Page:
As rules on cookies tracking become stricter, new web tracking techniques have cropped up, including a new ‘canvas fingerprinting’ tool that’s almost impossible for users to block… for now.
According to a new report by ProPublica, at least five percent of the internet’s top 100,000 websites are using ‘canvas fingerprinting’, which essentially takes a ‘fingerprint’ of a user’s computer via its web browser.
The software is nearly impossible to block using conventional privacy tools, ProPublica reports.
The findings come from a forthcoming paper authored by researchers at Princeton University and Belgium’s KU Leuven University.
The technique was invented in 2012 by researchers at the University of California, San Diego, and has already been developed into commercial products by companies.
There is more than one type of ‘canvas fingerprinting’ tool available, but they most widely used publisher of the software is AddThis, reportedly used on popular websites such as Whitehouse.gov, online dating site PlentyOfFish, CBS, and even YouPorn.
View a full list here: https://securehomes.esat.kuleuven.be/~gacar/sticky/index.html
“This is an advanced tracking mechanism that misuses browser features to enable the circumvention of users’ tracking preferences. We hope that our results will lead to better defences, increase accountability for companies deploying sticky tracking techniques and an invigorated and informed public and regulatory debate on increasingly resilient tracking techniques,” says Gunes Acar, the study’s lead author.
How it works
The tool asks a user’s browser to draw a small image on their screen when they visit a website.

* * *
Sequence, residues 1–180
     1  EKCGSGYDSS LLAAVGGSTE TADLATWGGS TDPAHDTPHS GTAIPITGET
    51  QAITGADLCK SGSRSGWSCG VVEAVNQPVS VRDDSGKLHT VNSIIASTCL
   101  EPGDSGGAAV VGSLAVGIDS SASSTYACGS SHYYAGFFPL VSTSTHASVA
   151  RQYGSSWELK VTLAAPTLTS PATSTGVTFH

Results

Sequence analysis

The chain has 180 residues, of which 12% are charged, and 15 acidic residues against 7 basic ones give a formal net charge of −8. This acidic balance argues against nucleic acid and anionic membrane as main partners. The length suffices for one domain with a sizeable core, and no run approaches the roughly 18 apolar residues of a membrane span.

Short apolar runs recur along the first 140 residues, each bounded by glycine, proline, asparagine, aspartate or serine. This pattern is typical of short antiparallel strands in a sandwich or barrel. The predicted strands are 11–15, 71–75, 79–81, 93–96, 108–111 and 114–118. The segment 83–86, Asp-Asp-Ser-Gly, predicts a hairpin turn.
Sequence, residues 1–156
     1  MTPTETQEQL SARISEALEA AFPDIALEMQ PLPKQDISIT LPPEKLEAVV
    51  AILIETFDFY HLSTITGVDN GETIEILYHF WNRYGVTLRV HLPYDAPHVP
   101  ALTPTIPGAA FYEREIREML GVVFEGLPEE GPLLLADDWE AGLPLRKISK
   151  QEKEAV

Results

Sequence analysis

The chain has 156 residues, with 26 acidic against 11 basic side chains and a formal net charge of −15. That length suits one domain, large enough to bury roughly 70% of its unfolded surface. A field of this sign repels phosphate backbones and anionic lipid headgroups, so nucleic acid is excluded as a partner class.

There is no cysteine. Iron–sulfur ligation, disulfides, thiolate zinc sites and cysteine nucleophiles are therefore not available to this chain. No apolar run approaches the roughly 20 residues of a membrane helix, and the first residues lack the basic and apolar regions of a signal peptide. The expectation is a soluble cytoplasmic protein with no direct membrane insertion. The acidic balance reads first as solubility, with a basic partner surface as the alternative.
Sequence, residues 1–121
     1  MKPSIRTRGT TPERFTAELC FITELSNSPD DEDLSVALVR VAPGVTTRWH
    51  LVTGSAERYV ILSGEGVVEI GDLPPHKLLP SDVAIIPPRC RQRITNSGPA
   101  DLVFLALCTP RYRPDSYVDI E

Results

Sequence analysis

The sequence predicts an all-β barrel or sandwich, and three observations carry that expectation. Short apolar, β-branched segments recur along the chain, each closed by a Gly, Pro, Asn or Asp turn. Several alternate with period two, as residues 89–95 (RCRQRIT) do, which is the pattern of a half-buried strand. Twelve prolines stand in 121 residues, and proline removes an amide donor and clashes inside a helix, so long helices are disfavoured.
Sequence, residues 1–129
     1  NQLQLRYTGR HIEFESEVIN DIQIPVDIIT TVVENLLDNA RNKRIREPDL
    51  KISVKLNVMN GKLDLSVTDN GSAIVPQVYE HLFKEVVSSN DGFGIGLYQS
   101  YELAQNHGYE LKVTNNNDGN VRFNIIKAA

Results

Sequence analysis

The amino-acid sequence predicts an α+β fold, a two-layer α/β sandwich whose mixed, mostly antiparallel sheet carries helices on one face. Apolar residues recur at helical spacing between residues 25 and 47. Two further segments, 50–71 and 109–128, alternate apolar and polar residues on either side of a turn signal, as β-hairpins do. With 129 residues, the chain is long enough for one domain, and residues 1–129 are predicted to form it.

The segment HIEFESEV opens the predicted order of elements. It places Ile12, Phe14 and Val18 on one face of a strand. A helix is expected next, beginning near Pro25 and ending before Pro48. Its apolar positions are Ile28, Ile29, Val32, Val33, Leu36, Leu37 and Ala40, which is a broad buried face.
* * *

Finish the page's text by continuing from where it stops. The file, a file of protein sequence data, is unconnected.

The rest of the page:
Certain unique characteristics of their browser and computer mean that this image is drawn in an near-unique way that can be used to identify the user.
The image is analysed, converted into a number and sent back to a third party.
All of the website visits with a matching number can then be grouped together to create a profile of what that unique user looks at and when.
As well as circumventing EU legislation, this technique also manages to evade most other methods of staying private.
Incognito or private modes commonly provided by browsers will not prevent it, nor will advert-blocking software.
The tool can be circumvented via the TOR network or via the Chamelon browser – but both require technical expertise to set up.
After ProPublica’s original article was published, a YouPorn spokesperson said the website was unaware the app was tracking users and has removed AddThis functionality.
A YouPorn.com spokesperson told ProPublica that the site was “completely unaware that AddThis contained a tracking software that had the potential to jeopardize the privacy of our users.”
AddThis chief executive Rich Harris stressed that the company does not use canvas fingerprinting for anything other than ad targeting and personalisation, and that users can stop their data from being used for advertising or marketing by installing a specific opt-out cookie on their computers.
A YouPorn.com spokesperson told ProPublica that the site was “completely unaware that AddThis contained a tracking software that had the potential to jeopardize the privacy of our users.” It has removed all AddThis technology from its site.